Ten years ago, when Esmeralda Diaz walked into “la Chureca” for the first time, she saw something that would stay with her through the years: an eight-year-old boy was fighting against a vulture for a piece of bread, the boy holding onto one end and the vulture to the other. She didn’t have a camera, but that image comes to mind every time she thinks about the place.
Things have improved drastically over the years, and Esmarelda has been there for most of it, working as a social worker and nurse, but La Chureca, Managua’s municipal dump, is still home to 257 families who live off the trash, sorting through it and selling whatever they can find. They live in extreme poverty and suffer from all its implications – malnutrition, disease, drug abuse, low literacy, teen pregnancy, and other problems, sustaining the cycle of poverty that has marked the area for generations.
Today, Britney and I walked through the community with volunteers from the Manna Project and I saw three things that I hope to always remember.
1) Loving volunteers.
The Manna Project, Austin Samaritans, and FUNJOFUDEES have partnered to provide primary medical care to the residents of La Chureca, among other services like counseling, sex ed, and English classes. The Manna Project also has a direct sponsorship program that currently has the budget to support 50 children at a time, providing beans, rice, oatmeal, and access to doctors, nutritionalists, and medications until the children are 5-years-old. Each child costs $20 a month to sponsor.
One key to their success within the community has been “program directors,” some of whom showed us around “la Chureca” – six full-time volunteers who spend 13 months in the area and divide up the 50 children amongst themselves so they can get to know the families well and develop lasting relationships of trust. They spend a lot of time just hanging out with the kids and parents, trying to learn as much from them as they teach.
The result is some of the happiest pictures I’ve ever taken – children beaming with joy to see their volunteer-friends and volunteers full of love and hope for the kids under their care.
2) Kids can be happy anywhere.
The homes of those who live in La Chureca are made from materials scavenged in the dump: wooden frames, if there is a frame at all; walls formed from sheets of plastic, old banners, advertisements, chicken-wire, sheet-metal, or wooden boards; and roofs formed from metal or plastic.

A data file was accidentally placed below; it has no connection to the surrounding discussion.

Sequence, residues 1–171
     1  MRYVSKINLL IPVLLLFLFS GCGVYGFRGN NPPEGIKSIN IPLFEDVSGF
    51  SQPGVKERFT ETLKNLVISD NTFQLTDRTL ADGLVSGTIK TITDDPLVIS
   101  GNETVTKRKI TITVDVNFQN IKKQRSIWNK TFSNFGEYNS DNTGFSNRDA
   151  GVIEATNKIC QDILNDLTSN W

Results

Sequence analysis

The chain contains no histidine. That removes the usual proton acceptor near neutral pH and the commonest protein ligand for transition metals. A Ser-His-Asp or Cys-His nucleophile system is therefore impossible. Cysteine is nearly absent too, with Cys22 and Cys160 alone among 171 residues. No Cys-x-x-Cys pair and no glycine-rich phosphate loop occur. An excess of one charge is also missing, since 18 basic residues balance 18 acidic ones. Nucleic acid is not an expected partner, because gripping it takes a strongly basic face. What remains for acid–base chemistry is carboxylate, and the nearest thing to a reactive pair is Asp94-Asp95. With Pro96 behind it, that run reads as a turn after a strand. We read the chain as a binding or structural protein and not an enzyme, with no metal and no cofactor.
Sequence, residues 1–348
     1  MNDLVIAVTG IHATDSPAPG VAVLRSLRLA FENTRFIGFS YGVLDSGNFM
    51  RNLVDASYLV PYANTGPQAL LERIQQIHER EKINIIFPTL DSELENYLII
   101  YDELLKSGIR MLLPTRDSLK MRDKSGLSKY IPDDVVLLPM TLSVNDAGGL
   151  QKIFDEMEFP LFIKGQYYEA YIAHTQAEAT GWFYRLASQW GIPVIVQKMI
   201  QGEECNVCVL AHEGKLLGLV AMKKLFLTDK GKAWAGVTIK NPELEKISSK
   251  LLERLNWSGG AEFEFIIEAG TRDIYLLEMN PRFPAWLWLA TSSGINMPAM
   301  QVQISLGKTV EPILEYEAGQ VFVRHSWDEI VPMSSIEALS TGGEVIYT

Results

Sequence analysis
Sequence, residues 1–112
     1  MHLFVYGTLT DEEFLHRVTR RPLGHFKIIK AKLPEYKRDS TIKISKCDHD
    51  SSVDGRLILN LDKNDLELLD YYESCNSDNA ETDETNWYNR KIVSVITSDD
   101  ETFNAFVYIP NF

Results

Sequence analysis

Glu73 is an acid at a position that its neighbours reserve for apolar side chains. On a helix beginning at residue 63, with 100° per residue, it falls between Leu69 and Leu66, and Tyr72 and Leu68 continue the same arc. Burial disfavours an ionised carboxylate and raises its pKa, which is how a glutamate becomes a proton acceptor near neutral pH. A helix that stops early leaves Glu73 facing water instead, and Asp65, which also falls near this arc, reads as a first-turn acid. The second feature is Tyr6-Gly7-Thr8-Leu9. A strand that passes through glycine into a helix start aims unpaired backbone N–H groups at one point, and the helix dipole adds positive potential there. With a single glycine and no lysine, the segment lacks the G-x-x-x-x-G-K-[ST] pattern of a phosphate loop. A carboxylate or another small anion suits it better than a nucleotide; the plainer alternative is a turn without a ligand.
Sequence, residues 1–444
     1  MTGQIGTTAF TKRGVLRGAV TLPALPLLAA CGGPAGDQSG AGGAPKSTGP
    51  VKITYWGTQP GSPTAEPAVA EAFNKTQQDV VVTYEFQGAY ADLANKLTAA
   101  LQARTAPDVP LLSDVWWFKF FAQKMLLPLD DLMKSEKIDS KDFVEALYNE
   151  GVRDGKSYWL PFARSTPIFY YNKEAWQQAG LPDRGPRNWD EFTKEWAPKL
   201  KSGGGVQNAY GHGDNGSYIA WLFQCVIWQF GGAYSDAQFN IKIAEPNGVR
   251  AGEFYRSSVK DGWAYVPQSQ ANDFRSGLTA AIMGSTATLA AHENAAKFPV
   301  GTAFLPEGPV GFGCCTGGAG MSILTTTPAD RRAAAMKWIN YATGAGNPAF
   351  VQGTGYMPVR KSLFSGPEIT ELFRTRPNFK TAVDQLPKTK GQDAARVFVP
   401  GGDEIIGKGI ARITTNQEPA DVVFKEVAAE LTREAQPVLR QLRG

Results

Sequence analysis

The homes are clumped together in seemingly random neighborhoods, separated and accessed by dirt paths crossed often by dirty streams and strewn with trash. Dogs, all stunted from quick successions of generations that ate very little, can be found curled up under shade at almost every turn.
Within this bleak and destitute setting are beautiful and happy children, smiling, laughing, and playing together. Programs like those I’ve mentioned help them avoid health problems and early pregnancy, become literate, and find healthier lifestyles.
The picture above is of Jeffrey, with Sarah peaking out of her door. I played soccer against Jeffrey and Francisco, with Sarah on my team. Jeffrey’s team won 😉
Later we visited the school, run by a group called Colegio Cristiana la Esperanza. I have some amazing pics of the kids, but they’re all on my camera, not my phone – I can’t post them until I get home.
3) Change is difficult for anyone.
There is a lot of change happening in La Chureca right now. The Spanish government has funded a complete reorganization of the dump. Starting in 2007, they began covering the dump area with dirt, building a recycling plant (with jobs available for qualifying residents of La Chureca), and building new homes as well.
The homes are ready, the plant operational, and the date for moving all families to their new homes has been set for November 15th . . . two days from now. Most likely they will have to push that date back – there are many problems with the changes and residents are worried.
There have been previous programs aimed at job-training to give residents of La Chureca other opportunities instead of working in the dump, but this lifestyle is what they know – it’s their life and they fear not being able to make a living if they left La Chureca or tried something else.
Families won’t be allowed to bring livestock or animals into the new homes with them (an important source of food), only the head of the household will work in the plant (for $100-130 a month) which will mean less income since children won’t be making money as well (those who work on La Chureca, even kids, make an average of $8-10 a week), and residents will have to start paying for water and electricity, currently supplied for free (it’s very difficult for someone who doesn’t know how to read to learn how to pay a bill).
The transition will be difficult, but seems very necessary for good social, physical, and mental health
Spain has funded the big bills for the rehaul of La Chureca, but it seems that the side-effects of those changes may be left to “Los Churequeros” or to the nonprofits who aid them.
Special thanks to Austin Samaritans, the volunteers at The Manna Project, and Esmeralda Diaz, the nurse at the clinic who I had the great opportunity of taking to dinner – they gave me the unique opportunity to not just pass through La Chureca as a tourist, snap a few pics, and check it off my list. Britney and I got to follow them around, meet the families, ask a hundred questions, and really get a feel for the place. I’ll be headed out to see some of their other projects tomorrow, and Thursday we have a donation project in mind . . . 🙂
Also . . . I may have found the first non-profit I want to start – stay tuned!